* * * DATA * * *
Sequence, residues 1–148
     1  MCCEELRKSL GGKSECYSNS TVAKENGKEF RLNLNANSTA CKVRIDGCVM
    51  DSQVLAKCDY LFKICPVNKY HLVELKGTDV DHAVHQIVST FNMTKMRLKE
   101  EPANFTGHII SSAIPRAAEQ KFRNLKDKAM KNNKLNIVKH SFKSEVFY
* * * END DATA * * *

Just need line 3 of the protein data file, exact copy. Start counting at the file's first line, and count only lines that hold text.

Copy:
    51  DSQVLAKCDY LFKICPVNKY HLVELKGTDV DHAVHQIVST FNMTKMRLKE